All Kidding Aside, Ruggiero Fits Right In
By Rachel Alexander
Washington Post Staff Writer
Monday, February 16, 1998; Page C9
NAGANO, Feb. 15 This fall, high school senior Angela Ruggiero stared at a stack of college applications that all seemed to ask the same essay question.
"They wanted me to write about a meaningful experience in my life," Ruggiero said. "I wanted to write them back and say, 'Hey, could you wait two months on that? I'm going to the Olympics.'."
At 18, Ruggiero is the youngest member of the U.S. women's hockey team that will play for the gold medal against Canada on Tuesday. Born on Jan. 3, 1980, she is too young to remember the Miracle on Ice, but she believes the U.S.-Canada rivalry may be just as intense as the atmosphere at the Lake Placid Olympics. The women's teams played a 13-game exhibition series before these Olympics that Canada won, 7-6. Then in a round-robin game Saturday, the Americans stormed back from a three-goal deficit to win, 7-4, and even the series.
Each game has been more physical than the next, and with all the intrigue building toward Tuesday, Ruggiero figures she would have had a pretty good essay.
"Oh, I definitely could have written about that," she said, pushing her straight, shoulder-length blond hair behind her ears every few minutes. "They're the type of team you never get tired of; they are the best competition we're going to see.
"They're expected to win, and every time the U.S. goes out and beats them, they sort of have to explain why it happened. There's definitely a lot more pressure on Canada. They're going for national pride, and in the U.S. it's not as big a sport. Hardly any Americans even know [women's hockey] outside New England and Minnesota."
That may have been true before the Olympics, but with all the attention women's hockey has garnered here, Ruggiero may find a whole new audience for her sport when she returns to the United States. Of course, before she can bask in all that new regard, she is going to have to finish high school. A senior at Choate Rosemary Hall, Ruggiero took the fall and winter semesters off so she could tour with the U.S. national team and participate in the Olympics.
She is still scheduled to graduate from the Connecticut school this spring, although she has some English and art credits missing from her transcript. Working her education around her burgeoning hockey career is nothing new, however. Ruggiero was picked to play on the national team at 15.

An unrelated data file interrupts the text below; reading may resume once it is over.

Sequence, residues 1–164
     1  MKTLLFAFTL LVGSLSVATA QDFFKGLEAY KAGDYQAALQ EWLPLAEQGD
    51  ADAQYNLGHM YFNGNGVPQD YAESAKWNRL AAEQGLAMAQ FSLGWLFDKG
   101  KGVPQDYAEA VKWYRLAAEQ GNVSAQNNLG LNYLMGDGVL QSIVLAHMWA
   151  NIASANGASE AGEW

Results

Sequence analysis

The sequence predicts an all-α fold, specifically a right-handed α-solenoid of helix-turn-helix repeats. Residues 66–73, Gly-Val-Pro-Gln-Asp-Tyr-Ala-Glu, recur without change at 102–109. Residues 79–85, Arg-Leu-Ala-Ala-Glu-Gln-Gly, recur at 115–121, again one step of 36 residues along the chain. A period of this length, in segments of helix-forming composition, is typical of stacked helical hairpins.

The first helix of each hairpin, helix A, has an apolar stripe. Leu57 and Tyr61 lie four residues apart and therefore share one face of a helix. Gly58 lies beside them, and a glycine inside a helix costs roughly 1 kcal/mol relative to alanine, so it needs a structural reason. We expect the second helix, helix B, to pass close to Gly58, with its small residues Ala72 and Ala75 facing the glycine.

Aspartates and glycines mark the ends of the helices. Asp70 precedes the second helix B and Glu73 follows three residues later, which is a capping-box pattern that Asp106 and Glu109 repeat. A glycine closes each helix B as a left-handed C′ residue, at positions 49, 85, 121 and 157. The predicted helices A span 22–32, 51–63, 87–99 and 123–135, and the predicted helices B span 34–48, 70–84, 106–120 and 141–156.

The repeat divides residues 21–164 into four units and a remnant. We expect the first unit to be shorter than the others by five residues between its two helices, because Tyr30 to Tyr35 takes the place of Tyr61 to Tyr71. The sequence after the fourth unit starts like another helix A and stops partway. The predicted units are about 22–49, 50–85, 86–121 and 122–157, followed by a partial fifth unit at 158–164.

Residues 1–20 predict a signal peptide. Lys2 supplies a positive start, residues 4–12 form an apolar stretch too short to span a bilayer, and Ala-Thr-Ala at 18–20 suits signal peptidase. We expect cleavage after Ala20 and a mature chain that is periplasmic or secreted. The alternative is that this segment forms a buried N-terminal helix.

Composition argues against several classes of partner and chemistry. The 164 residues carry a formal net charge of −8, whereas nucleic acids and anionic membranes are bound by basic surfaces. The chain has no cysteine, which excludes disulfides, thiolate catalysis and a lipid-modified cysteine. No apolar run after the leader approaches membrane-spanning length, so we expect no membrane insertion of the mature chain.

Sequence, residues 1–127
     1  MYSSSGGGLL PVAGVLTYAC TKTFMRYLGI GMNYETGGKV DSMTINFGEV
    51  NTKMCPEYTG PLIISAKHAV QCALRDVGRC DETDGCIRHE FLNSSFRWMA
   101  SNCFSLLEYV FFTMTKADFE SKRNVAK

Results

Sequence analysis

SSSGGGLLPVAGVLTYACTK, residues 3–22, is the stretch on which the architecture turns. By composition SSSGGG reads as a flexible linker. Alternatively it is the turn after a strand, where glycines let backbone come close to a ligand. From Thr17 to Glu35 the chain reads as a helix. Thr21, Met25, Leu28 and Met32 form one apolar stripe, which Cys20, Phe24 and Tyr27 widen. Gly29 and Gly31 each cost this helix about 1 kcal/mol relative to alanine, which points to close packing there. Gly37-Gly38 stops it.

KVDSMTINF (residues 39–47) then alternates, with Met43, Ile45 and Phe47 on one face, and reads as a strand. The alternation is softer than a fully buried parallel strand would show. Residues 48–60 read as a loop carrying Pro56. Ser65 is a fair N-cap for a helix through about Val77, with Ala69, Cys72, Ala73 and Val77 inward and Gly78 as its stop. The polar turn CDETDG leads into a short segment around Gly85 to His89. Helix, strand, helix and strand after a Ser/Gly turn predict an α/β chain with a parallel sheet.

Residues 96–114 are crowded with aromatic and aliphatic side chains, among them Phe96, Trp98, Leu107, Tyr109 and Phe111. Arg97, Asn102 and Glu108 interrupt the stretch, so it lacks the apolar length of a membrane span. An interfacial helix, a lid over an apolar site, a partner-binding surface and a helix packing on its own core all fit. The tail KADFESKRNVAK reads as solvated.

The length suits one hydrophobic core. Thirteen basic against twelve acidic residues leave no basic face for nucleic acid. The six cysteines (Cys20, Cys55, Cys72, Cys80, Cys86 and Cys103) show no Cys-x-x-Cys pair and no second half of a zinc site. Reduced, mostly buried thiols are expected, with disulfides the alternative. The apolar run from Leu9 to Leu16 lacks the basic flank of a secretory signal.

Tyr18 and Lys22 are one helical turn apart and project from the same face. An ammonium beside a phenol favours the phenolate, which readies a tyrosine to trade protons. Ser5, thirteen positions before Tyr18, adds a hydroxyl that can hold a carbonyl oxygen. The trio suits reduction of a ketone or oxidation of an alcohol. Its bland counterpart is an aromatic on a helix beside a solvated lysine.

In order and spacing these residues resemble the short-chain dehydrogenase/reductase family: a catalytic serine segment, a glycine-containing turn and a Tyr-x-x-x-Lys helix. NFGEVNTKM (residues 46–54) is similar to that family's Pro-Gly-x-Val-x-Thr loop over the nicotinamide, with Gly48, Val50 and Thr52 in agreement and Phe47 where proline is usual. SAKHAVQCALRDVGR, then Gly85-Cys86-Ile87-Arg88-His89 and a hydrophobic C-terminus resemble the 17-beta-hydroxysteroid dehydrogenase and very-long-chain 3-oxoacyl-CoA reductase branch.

"We really never worried about her because she has such a great maturity level," said Ruggiero's mother, Karen, during the intermission of a recent game. With blond hair and bright eyes, she is easy to spot as Angela's mother. The red, white and blue No. 4 painted on her cheek is another small giveaway.
"At first, it was a little strange because there she was, 15 years old, and she was among all these adult women. But they really have been great to her. They took her under their wings, and she's really part of the group."
Leading the group is more like it, teammates say. On the ice, the 5-foot-9, 175-pound Ruggiero has become one of the squad's most solid defensemen. She can be extremely physical against a team such as Canada, but she also has an arsenal of offensive skills that can dazzle. In a recent game against Japan, Ruggiero got the puck behind her own blueline, skated through all five of the Japanese skaters and then scored.
Moments like that spark talk that with more experience Ruggiero could become one of the greatest defensemen in the women's game. But with all of her hockey potential, it's Ruggiero's off-ice demeanor that draws even more raves. People seem to just congregate around her, aware something fun is about to happen.
"In the locker room, she'll just start dancing," said 19-year-old forward Jenny Schmidgall, the closest in age to Ruggiero. "She does get-down dancing, to any music, but rap music really gets her going. We call her Homey G.
"It's great because she'll do whatever, and she doesn't care what anyone thinks. She's really funny. She likes to crack jokes, and she's outspoken. Anything she wants to say, she says."
Over the summer, Ruggiero was one of several athletes selected to be part of a Visa commercial. Her part was simple: Wearing a Visa sweat shirt, Ruggiero was supposed to run out of a door. Unfortunately, she ran into the door.
"She lost her entire front tooth," U.S. forward A.J. Mleczko said. "It was so funny, really. I mean, it's got to be one of the most painful things, but she's in absolute hysterics. She just picks up her tooth, and she's laughing, laughing, saying it must not have hit the nerve because it doesn't hurt at all. Now she's got a cap instead of a tooth.
"It's just the way she deals with things. She's a great kid, beyond the hockey. She's a goofball, and she always wants to be a part of things. She just doesn't want to miss anything life has to offer her."
Mleczko, a senior at Harvard, said she has been trying to figure out subtle ways to persuade Ruggi ero to come to Cambridge next year. Schmidgall, already committed to the University of Minnesota, has done a lot of talking about how nice it is to live somewhere cold.
Ruggiero applied to both schools, as well as to Dartmouth and Brown. But since her essays have been completed, she said, she really hasn't been thinking about college too much. What she is looking forward to is the independence.
"Her father makes her call home every day," said Karen, whose husband, Bill, is watching the Olympics from Michigan with Ruggiero's siblings. "So for her 18th birthday, she said that's what she wanted as her present, that she didn't have to call each day. That lasted a few weeks; now she's the one who wants to call, especially with all of this going on.
"It's the Olympics. She's only 18, but so far it's the experience of her life."
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